Microbiome driven rewiring of host immunity and metabolism Open Access

Owens, Joshua (Summer 2021)

Permanent URL: https://etd.library.emory.edu/concern/etds/p2676w62t?locale=en


The human microbiome contains trillions of prokaryotic cells existing in symbiosis with the human host. This relationship has long thought to be neutral or commensal, but recent studies suggest that this relationship is dynamic with far-reaching effects within the human host. Here, we show new evidence that the microbiome and specifically Lactobacillus rhamnosus GG is capable of inducing CD8 T-cells. This induction of CD8 T-cells is through a novel toll-like receptor 2 and dendritic cell axis. Utilizing this induction, we can reduce colonic tumor burden in a CD8 T-cell dependent manner. Additionally, we analyzed the small metabolites coming from the gut and the gut microbiome and discovered a novel microbial metabolite known as delta-valerobetaine. We determined that delta-valerobetaine is capable of inhibiting fatty-acid oxidation through depletion of the free fatty acid shuttle molecule, carnitine. Germ-free mice normally lack this molecule and are resistant to obesity from a high fat diet. When we gave physiologically relevant levels of delta-valerobetaine to germ-free mice, it sensitized them to weight gain and obesity on a high fat diet. Furthermore, delta-valerobetaine administration to normal, conventional mice was able to exacerbate the obesity phenotype in these mice compared to controls. In humans, levels of delta-valerobetaine are higher in obese individuals and correlates with increased visceral adipose tissue as well as severity of hepatic steatosis. Altogether, we show that the microbiome can exert beneficial effects on the mucosal immune response to aid in the reduction of tumor burden but also can exert detrimental effects on fatty acid metabolism resulting in increased obesity.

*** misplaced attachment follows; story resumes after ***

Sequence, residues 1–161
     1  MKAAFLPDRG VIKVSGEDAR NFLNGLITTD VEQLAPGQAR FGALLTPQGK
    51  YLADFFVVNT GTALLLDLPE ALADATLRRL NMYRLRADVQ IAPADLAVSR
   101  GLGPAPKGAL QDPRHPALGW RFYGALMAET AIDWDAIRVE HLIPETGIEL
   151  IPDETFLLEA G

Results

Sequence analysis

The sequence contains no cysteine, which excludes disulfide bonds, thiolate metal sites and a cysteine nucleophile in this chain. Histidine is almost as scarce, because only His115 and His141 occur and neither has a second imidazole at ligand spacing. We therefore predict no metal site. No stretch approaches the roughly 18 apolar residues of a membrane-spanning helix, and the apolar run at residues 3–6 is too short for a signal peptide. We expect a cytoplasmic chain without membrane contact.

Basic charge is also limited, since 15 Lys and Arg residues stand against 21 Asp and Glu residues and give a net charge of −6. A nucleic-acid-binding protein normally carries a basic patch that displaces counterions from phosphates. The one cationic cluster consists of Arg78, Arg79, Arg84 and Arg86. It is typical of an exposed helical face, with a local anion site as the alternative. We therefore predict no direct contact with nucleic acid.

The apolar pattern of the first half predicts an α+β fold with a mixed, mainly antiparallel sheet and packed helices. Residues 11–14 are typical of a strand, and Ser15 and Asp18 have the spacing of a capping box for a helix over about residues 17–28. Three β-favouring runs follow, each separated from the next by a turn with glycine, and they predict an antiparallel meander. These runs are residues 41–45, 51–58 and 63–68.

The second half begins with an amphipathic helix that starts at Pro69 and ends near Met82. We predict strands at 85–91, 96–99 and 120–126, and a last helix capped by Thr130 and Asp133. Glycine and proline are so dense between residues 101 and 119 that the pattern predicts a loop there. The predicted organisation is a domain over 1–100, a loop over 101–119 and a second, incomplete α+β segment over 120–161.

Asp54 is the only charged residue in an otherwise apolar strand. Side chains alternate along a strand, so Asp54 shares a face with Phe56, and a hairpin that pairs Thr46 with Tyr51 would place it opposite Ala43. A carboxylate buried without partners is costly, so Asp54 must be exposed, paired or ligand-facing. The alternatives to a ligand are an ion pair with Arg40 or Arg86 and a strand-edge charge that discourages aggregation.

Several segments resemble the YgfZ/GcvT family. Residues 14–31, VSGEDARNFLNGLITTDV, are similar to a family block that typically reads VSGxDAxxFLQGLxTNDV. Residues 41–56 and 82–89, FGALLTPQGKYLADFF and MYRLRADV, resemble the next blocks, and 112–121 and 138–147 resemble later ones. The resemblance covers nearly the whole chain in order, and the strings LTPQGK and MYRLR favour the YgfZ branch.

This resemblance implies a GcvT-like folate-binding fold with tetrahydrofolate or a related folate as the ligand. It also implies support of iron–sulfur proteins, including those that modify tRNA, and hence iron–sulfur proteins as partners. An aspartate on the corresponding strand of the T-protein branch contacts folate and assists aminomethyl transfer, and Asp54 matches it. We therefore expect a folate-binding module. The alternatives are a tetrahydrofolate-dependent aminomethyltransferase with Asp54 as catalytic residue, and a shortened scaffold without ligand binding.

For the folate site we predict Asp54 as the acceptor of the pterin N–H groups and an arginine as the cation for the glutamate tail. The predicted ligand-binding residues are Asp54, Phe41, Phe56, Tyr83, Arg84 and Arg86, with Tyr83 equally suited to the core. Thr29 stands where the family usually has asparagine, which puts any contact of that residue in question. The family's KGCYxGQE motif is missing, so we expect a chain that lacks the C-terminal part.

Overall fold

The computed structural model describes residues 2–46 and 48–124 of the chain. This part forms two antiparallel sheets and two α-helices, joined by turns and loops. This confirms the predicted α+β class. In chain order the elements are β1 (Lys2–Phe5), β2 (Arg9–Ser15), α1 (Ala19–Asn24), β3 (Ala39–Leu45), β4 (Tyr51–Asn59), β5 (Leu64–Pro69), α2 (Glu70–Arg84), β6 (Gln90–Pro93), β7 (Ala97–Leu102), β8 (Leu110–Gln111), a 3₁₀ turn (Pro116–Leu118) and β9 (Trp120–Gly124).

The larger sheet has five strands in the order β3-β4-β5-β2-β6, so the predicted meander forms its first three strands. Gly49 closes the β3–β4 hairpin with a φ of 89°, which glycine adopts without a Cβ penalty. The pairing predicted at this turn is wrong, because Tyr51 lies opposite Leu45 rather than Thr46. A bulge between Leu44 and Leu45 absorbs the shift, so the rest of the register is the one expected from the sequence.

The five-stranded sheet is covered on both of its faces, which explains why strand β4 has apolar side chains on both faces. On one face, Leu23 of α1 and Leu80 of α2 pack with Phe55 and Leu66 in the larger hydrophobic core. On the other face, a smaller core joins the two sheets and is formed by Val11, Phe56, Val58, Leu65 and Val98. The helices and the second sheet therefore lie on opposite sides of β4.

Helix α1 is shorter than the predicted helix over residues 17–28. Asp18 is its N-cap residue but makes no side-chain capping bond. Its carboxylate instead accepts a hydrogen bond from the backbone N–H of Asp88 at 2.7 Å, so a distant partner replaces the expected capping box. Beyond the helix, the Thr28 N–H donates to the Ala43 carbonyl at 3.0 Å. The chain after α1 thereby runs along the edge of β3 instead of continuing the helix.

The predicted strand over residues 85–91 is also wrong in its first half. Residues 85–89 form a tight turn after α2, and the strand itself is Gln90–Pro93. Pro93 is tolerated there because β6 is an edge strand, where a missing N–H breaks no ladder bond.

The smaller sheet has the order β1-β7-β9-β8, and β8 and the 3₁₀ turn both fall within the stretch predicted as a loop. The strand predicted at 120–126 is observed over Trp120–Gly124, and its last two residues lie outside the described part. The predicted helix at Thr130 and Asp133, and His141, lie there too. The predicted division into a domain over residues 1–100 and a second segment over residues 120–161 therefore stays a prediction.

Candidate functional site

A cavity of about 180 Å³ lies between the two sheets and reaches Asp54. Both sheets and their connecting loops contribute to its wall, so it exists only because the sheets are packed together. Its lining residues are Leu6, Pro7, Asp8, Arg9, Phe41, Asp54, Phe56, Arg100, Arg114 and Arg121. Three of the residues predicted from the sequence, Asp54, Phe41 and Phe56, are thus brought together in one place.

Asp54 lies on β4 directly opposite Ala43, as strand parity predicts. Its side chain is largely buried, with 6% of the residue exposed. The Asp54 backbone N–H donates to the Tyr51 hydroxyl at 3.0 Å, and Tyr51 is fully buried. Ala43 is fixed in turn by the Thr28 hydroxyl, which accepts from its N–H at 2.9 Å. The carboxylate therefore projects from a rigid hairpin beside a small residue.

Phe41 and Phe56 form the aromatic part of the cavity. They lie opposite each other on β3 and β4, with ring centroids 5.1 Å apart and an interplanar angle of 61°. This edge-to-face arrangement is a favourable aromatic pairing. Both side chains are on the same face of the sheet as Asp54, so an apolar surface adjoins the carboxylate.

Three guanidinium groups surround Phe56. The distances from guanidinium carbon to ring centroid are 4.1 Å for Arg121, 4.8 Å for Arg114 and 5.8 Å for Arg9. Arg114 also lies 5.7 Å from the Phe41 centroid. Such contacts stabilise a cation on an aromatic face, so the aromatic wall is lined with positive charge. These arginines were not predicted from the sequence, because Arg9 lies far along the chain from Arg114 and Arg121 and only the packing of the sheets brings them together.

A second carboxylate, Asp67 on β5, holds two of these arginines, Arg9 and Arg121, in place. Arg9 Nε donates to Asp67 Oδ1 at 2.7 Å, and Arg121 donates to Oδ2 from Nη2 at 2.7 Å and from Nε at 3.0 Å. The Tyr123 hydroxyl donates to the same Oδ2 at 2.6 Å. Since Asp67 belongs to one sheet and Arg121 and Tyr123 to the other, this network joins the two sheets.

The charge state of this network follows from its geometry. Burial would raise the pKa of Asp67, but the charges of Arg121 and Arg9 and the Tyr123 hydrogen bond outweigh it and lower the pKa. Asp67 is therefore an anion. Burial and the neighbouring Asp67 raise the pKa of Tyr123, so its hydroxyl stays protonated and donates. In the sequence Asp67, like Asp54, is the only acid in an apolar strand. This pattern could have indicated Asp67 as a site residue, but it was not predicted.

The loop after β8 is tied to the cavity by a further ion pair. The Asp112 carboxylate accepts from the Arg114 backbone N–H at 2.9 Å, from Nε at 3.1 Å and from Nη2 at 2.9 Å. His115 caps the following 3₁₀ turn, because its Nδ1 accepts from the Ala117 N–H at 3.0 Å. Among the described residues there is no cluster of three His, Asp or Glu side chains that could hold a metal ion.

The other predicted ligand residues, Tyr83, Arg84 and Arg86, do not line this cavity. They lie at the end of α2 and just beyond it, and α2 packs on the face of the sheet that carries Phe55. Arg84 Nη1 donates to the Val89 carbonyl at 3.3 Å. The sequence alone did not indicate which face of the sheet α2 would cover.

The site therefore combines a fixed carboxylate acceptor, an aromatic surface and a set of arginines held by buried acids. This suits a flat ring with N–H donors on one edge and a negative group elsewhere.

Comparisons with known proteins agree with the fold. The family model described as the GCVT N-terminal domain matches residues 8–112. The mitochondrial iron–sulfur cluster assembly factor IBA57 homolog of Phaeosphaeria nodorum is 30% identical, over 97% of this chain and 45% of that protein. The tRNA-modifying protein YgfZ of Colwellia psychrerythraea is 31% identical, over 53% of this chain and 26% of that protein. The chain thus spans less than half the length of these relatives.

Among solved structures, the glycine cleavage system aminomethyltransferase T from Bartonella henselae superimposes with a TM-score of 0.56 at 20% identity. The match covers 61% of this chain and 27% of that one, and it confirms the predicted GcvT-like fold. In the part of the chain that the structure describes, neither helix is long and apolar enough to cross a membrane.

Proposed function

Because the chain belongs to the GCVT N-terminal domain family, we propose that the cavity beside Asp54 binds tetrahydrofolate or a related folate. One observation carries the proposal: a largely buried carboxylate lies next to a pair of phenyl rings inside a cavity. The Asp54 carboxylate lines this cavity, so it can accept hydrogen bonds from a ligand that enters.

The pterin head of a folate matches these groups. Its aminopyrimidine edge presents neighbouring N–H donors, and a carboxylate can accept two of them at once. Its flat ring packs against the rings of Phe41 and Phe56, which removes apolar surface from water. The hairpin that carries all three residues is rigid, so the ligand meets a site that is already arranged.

Table of Contents

Chapter 1: Introduction (1-22)

            1.1: The Microbiome Revolution (2-4) 

            1.2 The origin of the microbiome (4-6)

            1.2: The gut microbiome and colonic health (7-11)

            1.3: The gut microbiome and mucosal immunity (11-17)

            1.4: Metabolism and Microbes (18-20)

            1.5: Hypotheses (19-21)

            1.6: Statement of Research Objectives (22)

Chapter 2: Lactobacillus rhamnosus GG orchestrates an anti-tumor immune response (23-67)

            2.1: Introduction (25-27)

            2.2: Methods (28-36)

            2.3: Results (37-61)

            2.4: Discussion (62-66)

            2.5: Conclusion (67)

Chapter 3: Microbial metabolite delta-valerobetaine is a diet-dependent obesogen (68-123)

            3.1 Introduction (70-71)

            3.2: Methods (72-86)

            3.3: Results (87-118)

            3.4: Discussion (119-122)

            3.5: Conclusion (123)

Chapter 4: General Discussion (124-

            5.1: Immunotherapy and gut microbiome (125-130)

            5.2: Microbiome-derived metabolites, metabolic disease, and evolution (130-134)

            5.3: The future of gut microbiome research (134-135)

References (136-150)

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